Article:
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Latest posts by Italophile

No fruit showing on Butternut Squash in polytunnel

Posted: 18/08/2013 at 09:35

Good advice from Bob, ladybutternut. You can also use a tomato fertiliser. Good tom fertilisers are low in nitrogen, high in potassium. You just have to check the NPK figures on the label prior to purchase. Some tom fertilisers overdo the nitrogen.


Posted: 17/08/2013 at 15:49

Neil, you're better off using year-old wood. I tried it last year and it worked. I did mine in February, from memory.


Posted: 17/08/2013 at 13:48

You can store them anywhere cool and dry. You dry the tops if you're going to plait them. Otherwise don't cut the tops too close to the onion itself or you can risk disease.


Posted: 17/08/2013 at 13:44

If a hybrid variety, there shouldn't be much variation in size or shape if any at all. Heirloom varieties will often produce different sizes, and, very very occasionally, even a different colour as a colour gene mutates.


Posted: 17/08/2013 at 07:50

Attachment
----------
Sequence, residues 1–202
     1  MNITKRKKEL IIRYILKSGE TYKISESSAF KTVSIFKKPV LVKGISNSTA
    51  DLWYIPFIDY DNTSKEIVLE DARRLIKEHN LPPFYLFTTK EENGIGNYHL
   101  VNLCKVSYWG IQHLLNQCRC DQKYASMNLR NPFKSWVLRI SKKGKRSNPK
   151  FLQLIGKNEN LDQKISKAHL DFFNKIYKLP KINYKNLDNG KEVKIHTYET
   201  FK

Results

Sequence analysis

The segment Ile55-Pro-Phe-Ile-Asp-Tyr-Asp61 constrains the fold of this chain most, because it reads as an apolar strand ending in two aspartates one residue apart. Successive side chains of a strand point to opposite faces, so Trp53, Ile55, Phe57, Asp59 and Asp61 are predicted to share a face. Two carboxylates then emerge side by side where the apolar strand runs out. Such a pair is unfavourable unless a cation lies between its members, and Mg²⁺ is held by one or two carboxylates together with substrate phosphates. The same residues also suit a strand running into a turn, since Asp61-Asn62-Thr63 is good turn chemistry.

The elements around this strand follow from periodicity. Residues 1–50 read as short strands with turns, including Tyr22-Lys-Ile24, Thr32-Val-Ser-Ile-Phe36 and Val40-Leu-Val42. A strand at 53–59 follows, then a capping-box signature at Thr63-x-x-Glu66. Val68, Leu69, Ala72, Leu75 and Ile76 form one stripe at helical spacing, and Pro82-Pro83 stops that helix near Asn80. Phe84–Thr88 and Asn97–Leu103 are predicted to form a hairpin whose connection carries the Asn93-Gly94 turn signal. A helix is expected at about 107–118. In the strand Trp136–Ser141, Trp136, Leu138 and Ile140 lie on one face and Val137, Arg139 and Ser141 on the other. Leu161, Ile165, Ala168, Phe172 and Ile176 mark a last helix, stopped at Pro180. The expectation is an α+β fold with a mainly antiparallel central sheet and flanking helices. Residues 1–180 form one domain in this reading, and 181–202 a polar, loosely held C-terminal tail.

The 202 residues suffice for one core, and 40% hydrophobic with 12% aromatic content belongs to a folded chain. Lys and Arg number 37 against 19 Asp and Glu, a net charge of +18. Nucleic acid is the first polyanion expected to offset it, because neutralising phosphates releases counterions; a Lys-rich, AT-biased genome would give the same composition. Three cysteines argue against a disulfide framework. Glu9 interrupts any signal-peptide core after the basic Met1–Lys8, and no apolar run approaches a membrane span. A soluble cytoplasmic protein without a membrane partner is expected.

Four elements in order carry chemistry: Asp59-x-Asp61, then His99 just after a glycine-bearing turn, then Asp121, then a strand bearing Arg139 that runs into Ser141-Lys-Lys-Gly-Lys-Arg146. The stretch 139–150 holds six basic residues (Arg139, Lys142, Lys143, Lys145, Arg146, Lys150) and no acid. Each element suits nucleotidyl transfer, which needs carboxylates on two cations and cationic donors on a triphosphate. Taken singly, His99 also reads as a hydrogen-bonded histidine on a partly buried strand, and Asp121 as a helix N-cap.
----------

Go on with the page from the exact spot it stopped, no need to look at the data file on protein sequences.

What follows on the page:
I don't use Miracle Grow so don't know it. What's the NPK figure on the packet? If the N figure - nitrogen - is high, it could explain all the foliage and no flowers. Nitrogen encourages leaf growth at the expense of flowers. I find a dedicated rose fertiliser has the right NPK balance for jasmine.


Posted: 16/08/2013 at 15:23

I haven't grown Tumbling Toms so I don't know whether they're a naturally thick-skinned variety. Others will certainly know. Some varieties just are. It's in their genes.

Toms can also thicken their skins in warm weather, particularly if moisture has been lacking. It's their way of preserving moisture.


Posted: 16/08/2013 at 11:02

Definitely not a chilli.


Posted: 16/08/2013 at 11:01

supadad, lots of foliage and not many flowers is usually a sign of too much nitrogen in the soil.

Anaconda, if you're getting significantly different sizes and/or shapes on the same plant, the original seed could have been crossed. It's been known to happen with commercial seed suppliers. 


Posted: 16/08/2013 at 10:56

Have you fertilised it? If so, what with?


Posted: 16/08/2013 at 08:11

It's only worth taking the toms off the plant to ripen if where they're going is a lot warmer than where they currently are. What are your day and night temps like at the moment?

I wouldn't worry about the rain. Rain, per se, doesn't necessarily mean blight. Fungal spores like damp foliage, but there's less chance of them settling if there's plenty of air circulation. Besides, this late in the season, blight isn't going to have time to create any problems.

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